Revitalising ruins

Even after almost six decades, Landmark still gets well over a hundred approaches each year for buildings we might help with. Most don’t meet our simple baseline criteria (Does it need us? Is it important? Would it be nice for a holiday?) but just occasionally one lands and you think ‘we have to save this.’

Even after almost six decades, Landmark still gets well over a hundred approaches each year for buildings we might help with. Most don’t meet our simple baseline criteria (Does it need us? Is it important? Would it be nice for a holiday?) but just occasionally one lands and you think ‘we have to save this.’

That’s what happened a decade ago, when a letter arrived from an architect at Cadw, seeking Landmark’s help with a Grade I late-medieval house called Llwyn Celyn, in the Llanthony Valley in Monmouthshire. The house was hanging on by a thread, and invisible beneath a cocoon of emergency scaffolding and sheeting. But he included a few outdated black and white photos, showing sinuously carved doorheads astonishing for the setting, and his letter mentioned a spere truss, a high-end fixed bench, a two-storey solar cross range. At such moments, the pulse quickens.

And it’s a strange thing that those first visits to a possible project, when the building is at its lowest ebb, are often the most exciting. Mostly boarded up, Llwyn Celyn was dank and crammed with the detritus of former lives. Some of its floors were bare earth – nay, mud, as water trickled through from the hillside behind. And yet.  A mighty medieval door creaked open to let us in. The medieval floorplan was still intact, the flagstones trodden by centuries of feet. A bat roosted in a corner. Two beautifully carved doorheads stood crooked but intact. One had shields – whose arms did they once bear?

We probably don’t say much to each other during those first visits, as the sense of antiquity enfolds you. Afterwards, round the office table, we’ll examine the technical and funding feasibilities more analytically, but for all of us, that first rush of empathy and then determination is what underpins all that follows – ‘only we, Landmark, can save this.’

Ten years on, Llwyn Celyn has tested every sinew of our long experience of such transformations. First, the scale of the task: not just the high status, Grade I house of exceptional significance, but also a later threshing barn and other important outbuildings, in an equally parlous state. £4.2 million raised, we were then on site for two years, battling bats and snowstorm as skilled professionals and craftsmen gently nursed Llwyn Celyn’s failing fabric back to new life.  Traditional craft skills were promoted and shared. Volunteers too made a useful contribution to the outbuildings and landscape while learning new skills. Late in the process came the revelation that Llwyn Celyn had been built in 1420, intriguingly soon after Owain Glyn Dŵr and Henry IV’s armies ravaged the area in 1404-5. It is indeed an exceptional survival.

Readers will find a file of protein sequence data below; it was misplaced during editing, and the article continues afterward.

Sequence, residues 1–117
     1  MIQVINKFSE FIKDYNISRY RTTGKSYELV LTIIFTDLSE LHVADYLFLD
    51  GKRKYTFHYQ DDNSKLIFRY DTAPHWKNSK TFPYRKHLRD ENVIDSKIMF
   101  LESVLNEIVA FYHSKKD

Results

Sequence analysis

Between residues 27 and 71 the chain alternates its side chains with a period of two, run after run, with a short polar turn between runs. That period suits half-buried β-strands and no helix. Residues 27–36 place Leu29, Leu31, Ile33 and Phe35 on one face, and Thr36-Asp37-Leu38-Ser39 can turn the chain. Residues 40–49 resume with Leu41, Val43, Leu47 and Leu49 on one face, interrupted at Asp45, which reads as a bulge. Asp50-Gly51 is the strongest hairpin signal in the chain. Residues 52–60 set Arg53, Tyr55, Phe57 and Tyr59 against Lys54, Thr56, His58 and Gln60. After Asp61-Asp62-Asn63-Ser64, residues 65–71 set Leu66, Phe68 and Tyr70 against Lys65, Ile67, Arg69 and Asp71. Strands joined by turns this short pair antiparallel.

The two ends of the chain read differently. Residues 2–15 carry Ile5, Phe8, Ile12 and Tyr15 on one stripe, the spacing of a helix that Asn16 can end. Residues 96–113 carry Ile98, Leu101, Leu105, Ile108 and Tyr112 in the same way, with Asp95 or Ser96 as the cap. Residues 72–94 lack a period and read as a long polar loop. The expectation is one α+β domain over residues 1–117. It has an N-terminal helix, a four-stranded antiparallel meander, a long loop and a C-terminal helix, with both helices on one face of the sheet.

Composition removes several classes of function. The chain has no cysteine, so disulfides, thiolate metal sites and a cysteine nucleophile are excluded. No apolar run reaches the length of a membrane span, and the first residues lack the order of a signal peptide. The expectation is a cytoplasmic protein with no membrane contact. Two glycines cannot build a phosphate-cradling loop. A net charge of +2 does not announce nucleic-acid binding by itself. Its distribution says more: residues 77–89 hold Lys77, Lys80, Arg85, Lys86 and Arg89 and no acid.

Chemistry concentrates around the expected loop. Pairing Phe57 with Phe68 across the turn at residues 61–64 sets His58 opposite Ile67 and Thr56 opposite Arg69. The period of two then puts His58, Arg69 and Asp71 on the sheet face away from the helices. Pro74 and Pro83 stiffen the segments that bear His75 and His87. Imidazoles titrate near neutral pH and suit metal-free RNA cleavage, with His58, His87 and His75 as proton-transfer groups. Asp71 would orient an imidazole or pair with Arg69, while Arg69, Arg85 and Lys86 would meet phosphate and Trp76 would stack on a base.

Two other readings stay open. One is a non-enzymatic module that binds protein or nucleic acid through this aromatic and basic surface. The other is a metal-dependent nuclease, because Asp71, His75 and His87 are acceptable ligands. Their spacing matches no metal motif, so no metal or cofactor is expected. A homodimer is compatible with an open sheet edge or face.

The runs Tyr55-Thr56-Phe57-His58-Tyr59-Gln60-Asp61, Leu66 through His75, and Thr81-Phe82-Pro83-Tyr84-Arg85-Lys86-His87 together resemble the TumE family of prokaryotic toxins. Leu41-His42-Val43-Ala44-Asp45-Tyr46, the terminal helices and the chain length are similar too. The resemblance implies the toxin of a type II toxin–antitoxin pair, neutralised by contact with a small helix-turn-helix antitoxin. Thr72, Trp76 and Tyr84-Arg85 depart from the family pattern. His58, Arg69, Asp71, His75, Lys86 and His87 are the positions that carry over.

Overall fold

The threshing barn has become a community centre, and the beast house an interpretation room about the site and the wider valley. Thanks to the HLF funding, we delivered a humming programme of outreach throughout the project, making many new friends and learning much from them. 

Llwyn Celyn is just the latest example of the difference Landmark makes. For more than fifty years, villages, towns and cities throughout Britain are richer for the buildings Landmark has rescued that survive to grace village high streets, enthuse local school children about their past, and inspire local history societies. We work hard to make sure that such local communities feel connected with the Landmarks that stand in their midst, with free public open days each year, often timed to coincide with a local fete or festival.

And Landmark’s powers of transformation go beyond physical fabric. Staying in our buildings can transform a state of mind, providing inspiration, respite, invigoration. In recent years, we have introduced two programmes to extend these psychologically transforming benefits as widely as possible. Our Fifty for Free scheme offers fifty free stays to the beneficiaries of other charities, vulnerable people bruised by life who may not be able to afford a holiday at all. Universities and research teams can also apply for one of ten free study breaks annually, through the Landmark Futures scheme.

What we do is not about turning back the clock. We believe above all in the power of fine historic buildings to make a difference in people’s lives, both now and in the future. These are precious and finite resources; we hope you will share our passion to protect them, and join us in our commitment to conserve them by staying in our buildings and supporting our work.